The question of the week for me is how can teachers balance or at least negate negative values (profiteering, rhetorical fallacies, excluding) which undermine the traditional values of teaching …

What happens if brands and brand-sycophants are ejected from personal learning networks, how will we re evaluate and re value learning?

I like the tool. I just don’t want to build and live in creepy temples which currently are turning friendship into another commodity.

Use the Google, be the brand.

The twentieth century media scholar Marshall McLuhan said “the medium is the message” and argues that all media exist to invest our lives with artificial perceptions and arbitrary values. We live in a rampaging consumer-capitalist society, which has been conditioned for decades to respond to media representations and demands. The challenge for media companies such as Google, is how to present the kind of values that most people see as holding merit in the kind of society we think we live in. Google, while making some decent enough software, is not a philanthropic organisation. It seeks to valorize its products and services. Essentially, every time you cross into it’s territory by using it, Google and it’s affiliates make money. It’s an astronomical amount of money too.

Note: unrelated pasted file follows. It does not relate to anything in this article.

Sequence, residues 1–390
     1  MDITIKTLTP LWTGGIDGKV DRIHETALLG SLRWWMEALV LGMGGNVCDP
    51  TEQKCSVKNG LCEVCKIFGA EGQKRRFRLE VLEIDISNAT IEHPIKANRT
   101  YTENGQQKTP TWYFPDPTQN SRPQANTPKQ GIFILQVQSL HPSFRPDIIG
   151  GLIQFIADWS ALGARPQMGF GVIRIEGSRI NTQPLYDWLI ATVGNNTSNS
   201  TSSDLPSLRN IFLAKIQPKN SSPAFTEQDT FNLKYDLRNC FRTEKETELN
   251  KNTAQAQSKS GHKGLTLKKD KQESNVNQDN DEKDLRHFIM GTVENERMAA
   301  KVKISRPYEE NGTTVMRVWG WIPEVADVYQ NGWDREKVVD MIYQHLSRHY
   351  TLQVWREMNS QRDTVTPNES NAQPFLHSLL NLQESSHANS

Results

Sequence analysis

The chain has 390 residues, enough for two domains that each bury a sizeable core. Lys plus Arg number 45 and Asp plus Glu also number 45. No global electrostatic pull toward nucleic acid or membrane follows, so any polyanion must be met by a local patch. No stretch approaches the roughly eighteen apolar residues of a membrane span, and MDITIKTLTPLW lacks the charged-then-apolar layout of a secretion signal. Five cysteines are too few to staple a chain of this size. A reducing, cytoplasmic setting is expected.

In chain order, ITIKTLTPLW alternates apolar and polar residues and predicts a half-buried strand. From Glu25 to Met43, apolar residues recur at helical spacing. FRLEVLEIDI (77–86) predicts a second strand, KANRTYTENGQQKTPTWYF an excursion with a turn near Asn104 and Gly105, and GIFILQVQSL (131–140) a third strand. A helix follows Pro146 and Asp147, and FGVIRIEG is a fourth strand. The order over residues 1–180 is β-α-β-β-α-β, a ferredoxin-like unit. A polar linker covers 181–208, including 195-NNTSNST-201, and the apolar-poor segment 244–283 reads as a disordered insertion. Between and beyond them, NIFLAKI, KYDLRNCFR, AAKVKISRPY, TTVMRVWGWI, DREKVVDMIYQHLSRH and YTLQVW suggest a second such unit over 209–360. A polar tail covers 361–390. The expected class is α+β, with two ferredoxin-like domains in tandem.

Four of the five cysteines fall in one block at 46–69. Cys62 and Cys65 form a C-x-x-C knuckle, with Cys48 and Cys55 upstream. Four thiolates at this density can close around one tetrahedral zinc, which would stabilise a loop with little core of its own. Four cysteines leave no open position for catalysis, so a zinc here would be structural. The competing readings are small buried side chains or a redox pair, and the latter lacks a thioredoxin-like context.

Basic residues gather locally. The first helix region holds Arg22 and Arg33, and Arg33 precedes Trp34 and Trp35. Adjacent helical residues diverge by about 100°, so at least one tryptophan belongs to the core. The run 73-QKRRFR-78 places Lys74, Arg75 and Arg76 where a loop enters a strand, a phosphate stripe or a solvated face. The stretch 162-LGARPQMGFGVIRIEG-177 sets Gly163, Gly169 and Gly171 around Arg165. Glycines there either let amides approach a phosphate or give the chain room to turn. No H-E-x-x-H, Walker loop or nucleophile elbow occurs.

Google does not, for example, donate hardware to schools who use it’s free software, nor do they donate money to a school each time a child uses it. Google is not part of the local community, but does seek to influence it by finding influencers willing to act as producers in what is essentially an economic transaction in drag.

We know that students benefit when teachers are trained and supported in using software which has some pedagogical imperative. Research is consistent on what happens if ‘training’ is not carried out in this way — students get patchy experiences and in-consistent values are embedded in the process. There is no evidence to suggest creating competition among teachers to get training has any social or scholarly merit — and yet this is Google’s model when it comes to promoting it’s brand (and values) through the use of accredited teachers. This is allowed mostly in my view because weaknesses in how software is evaluated at the institutional level. Again, Google is perceived as “free”, which is attractive to cash-strapped education systems. It’s also being promoted by social-media based, educational influencers so carries additional cultural capital. It is fairly easy to see how Google’s software spreads though schools, but the price of this is that society accepts Google’s values, which are ultimately decided by a small group of powerful people.